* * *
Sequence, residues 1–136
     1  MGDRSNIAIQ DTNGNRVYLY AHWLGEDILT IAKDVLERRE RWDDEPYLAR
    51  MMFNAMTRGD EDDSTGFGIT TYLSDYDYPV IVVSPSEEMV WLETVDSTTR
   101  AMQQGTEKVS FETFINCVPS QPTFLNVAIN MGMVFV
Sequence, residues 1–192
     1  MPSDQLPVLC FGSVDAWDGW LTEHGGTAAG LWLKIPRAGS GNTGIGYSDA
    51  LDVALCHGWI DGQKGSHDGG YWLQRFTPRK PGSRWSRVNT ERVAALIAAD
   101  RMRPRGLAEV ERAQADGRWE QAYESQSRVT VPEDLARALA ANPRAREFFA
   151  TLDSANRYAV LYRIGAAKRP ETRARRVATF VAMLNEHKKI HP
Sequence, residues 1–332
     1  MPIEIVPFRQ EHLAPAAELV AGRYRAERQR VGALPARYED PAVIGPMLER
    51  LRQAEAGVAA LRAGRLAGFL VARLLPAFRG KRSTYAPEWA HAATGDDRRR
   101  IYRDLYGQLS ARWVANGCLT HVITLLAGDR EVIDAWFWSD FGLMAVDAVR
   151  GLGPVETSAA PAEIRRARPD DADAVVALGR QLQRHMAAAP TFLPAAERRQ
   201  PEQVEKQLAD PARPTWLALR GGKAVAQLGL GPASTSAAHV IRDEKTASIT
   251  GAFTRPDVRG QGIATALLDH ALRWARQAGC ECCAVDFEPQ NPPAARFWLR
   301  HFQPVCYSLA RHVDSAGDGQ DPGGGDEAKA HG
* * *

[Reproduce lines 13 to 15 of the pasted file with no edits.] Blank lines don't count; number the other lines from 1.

   101  IYRDLYGQLS ARWVANGCLT HVITLLAGDR EVIDAWFWSD FGLMAVDAVR
   151  GLGPVETSAA PAEIRRARPD DADAVVALGR QLQRHMAAAP TFLPAAERRQ
   201  PEQVEKQLAD PARPTWLALR GGKAVAQLGL GPASTSAAHV IRDEKTASIT